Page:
WHAT IS A BUNION?
Even though bunions are a common foot deformity, there are misconceptions about them.
Many people may unnecessarily suffer the pain of bunions for years before seeking
treatment. Bunions are often described as a bump on the side of the big toe. But
a bunion is more than that. The visible bump actually reflects changes in the bony
framework of the front part of the foot.With a bunion, the big toe leans toward the
second toe, rather than pointing straight ahead. This throws the bones out of alignment-
WHAT CAUSES A BUNION?
Bunions are most often caused by an inherited faulty mechanical structure of the
foot. It is not the bunion itself that is inherited, but certain foot types that
make a person prone to developing a bunion. Although wearing shoes that crowd the
toes won't actually cause bunions in the first place, it sometimes makes the deformity
get progressively worse. That means you may experience symptoms sooner. Symptoms
Symptoms occur most often when wearing shoes that crowd the toes-
Bunions are readily apparent-
Sometimes observation of the bunion is all that's needed.A periodic office evaluation
Changes in shoewear. Wearing the right kind of shoes is very important. Choose shoes that have a wide toe box and forgo those with pointed toes or high heels which may aggravate the condition.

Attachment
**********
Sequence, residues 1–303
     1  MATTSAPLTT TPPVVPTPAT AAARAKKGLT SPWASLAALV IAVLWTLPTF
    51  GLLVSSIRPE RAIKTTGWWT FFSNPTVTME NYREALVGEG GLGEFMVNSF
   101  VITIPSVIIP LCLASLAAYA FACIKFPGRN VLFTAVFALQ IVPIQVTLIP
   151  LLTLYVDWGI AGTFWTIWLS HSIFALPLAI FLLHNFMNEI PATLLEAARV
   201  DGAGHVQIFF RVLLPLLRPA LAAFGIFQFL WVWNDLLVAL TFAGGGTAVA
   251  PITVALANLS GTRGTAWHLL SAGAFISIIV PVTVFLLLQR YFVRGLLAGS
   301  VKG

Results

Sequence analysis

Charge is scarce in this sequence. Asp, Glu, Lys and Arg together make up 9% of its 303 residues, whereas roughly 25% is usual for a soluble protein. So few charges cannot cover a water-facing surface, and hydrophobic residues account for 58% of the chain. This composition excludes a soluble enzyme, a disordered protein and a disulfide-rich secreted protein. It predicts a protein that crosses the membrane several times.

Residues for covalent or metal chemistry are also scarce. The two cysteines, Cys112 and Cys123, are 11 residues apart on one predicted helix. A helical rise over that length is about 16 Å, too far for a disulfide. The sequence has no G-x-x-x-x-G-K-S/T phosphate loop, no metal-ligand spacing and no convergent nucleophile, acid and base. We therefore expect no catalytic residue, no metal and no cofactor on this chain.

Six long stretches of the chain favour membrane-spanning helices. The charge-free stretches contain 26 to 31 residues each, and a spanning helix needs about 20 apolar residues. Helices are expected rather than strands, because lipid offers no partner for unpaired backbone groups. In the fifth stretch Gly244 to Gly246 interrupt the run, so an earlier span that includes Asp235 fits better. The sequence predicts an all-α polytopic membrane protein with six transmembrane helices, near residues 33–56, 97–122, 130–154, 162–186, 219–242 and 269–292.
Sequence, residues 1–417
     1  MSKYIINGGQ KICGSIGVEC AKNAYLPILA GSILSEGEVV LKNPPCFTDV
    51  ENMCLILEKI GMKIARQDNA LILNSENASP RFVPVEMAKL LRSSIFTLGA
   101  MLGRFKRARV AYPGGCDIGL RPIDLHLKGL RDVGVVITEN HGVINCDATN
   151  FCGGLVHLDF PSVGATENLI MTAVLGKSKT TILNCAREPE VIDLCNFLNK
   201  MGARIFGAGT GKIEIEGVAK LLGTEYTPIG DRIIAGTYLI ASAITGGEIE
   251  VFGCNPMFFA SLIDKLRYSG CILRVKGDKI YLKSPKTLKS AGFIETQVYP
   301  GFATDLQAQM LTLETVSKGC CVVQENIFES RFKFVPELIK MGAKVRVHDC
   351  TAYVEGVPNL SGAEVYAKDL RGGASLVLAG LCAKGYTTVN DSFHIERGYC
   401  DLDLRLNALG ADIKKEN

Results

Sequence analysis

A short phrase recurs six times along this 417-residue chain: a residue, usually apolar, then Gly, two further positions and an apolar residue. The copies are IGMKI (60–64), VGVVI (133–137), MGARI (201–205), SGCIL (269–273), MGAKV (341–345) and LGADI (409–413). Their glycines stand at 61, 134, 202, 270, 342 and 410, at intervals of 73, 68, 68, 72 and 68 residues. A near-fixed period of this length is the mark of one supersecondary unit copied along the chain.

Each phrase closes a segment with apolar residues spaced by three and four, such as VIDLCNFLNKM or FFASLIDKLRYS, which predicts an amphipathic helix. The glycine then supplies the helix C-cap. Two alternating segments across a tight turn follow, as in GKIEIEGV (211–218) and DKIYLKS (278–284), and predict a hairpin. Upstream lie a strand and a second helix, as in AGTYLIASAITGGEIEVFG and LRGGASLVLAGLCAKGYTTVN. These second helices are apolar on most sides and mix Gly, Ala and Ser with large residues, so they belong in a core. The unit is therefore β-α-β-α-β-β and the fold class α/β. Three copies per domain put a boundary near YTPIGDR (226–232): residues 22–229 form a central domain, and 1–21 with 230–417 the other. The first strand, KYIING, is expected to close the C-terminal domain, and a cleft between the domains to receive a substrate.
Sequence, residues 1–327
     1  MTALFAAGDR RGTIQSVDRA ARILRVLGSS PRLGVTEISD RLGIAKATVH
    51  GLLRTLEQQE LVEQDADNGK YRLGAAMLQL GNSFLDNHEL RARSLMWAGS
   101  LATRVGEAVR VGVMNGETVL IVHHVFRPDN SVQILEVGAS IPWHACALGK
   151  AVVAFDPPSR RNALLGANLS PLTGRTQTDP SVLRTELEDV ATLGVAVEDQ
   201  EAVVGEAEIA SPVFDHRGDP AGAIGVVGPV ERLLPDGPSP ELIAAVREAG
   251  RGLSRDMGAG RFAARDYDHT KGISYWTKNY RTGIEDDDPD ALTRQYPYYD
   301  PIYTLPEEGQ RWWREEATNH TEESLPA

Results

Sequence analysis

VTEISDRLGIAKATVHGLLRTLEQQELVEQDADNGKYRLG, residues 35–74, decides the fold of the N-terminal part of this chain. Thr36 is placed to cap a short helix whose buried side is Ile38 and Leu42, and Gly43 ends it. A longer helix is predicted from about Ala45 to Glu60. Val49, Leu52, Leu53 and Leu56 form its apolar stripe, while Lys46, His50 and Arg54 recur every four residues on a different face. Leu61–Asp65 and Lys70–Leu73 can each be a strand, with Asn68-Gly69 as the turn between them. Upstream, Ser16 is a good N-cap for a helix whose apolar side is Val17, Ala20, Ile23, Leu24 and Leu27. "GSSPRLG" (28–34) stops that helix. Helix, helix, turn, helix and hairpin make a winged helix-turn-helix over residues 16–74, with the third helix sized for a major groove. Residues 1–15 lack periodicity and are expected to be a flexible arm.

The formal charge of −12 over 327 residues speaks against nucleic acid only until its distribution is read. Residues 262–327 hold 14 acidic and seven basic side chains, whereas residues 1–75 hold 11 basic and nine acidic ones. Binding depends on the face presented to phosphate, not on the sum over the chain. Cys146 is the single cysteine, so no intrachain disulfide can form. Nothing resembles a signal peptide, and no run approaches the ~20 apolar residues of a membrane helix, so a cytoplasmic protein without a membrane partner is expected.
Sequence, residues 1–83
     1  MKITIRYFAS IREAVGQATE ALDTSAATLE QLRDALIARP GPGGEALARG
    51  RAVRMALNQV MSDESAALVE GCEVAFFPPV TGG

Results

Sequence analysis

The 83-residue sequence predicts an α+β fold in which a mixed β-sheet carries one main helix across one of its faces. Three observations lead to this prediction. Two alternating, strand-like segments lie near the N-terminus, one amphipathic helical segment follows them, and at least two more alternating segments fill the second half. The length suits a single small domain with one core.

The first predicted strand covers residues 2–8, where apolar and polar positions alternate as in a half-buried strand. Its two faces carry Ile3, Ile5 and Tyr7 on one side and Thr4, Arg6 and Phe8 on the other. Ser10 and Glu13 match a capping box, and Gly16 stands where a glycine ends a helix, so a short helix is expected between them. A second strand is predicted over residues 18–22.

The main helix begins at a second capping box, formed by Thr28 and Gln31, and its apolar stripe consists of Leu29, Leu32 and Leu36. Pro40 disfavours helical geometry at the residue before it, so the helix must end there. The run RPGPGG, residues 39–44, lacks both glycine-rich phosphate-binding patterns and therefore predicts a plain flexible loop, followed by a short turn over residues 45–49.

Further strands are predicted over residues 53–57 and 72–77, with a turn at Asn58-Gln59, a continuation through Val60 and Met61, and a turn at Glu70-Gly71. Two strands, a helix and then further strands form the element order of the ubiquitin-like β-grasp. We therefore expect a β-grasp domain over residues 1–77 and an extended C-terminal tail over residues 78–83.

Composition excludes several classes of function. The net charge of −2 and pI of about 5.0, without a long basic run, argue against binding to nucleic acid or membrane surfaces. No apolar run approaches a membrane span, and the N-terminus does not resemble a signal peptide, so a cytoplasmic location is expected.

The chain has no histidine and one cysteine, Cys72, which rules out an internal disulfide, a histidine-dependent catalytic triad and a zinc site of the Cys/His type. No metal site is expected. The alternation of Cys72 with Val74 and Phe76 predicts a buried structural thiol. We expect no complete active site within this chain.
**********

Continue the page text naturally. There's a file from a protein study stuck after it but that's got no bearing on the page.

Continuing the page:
Padding. Pads placed over the area of the bunion can help minimize pain. You can get bunion pads from your podiatric surgeon or purchase them at a drug store.
Activity modifications. Avoid activity that causes bunion pain, including standing for long periods of time.
Medications. Nonsteroidal antiinflammatory drugs (NSAIDs), such as ibuprofen, may help to relieve pain.
Icing. Applying an ice pack several times a day helps reduce inflammation and pain.
Injection therapy. Although rarely used in bunion treatment, injections of corticosteroids
may be useful in treating the inflamed bursa (fluid-
Orthotic devices. In some cases, custom orthotic devices may be provided by the podiatric surgeon.
WHEN IS SURGERY NEEDED?
When the pain of a bunion interferes with daily activities, it's time to discuss
surgical options with your podiatric surgeon. Together you can decide if surgery
is best for you. Recent advances in surgical techniques have led to a very high success
rate in treating bunions. A variety of surgical procedures are performed to treat
bunions. The procedures are designed to remove the "bump" of bone, correct the changes
in the bony structure of the foot, as well as correct soft tissue changes that may
also have occurred. The goal of these corrections is the elimination of pain. In
selecting the procedure or combination of procedures for your particular case, the
podiatric surgeon will take into consideration the extent of your deformity based
on the x-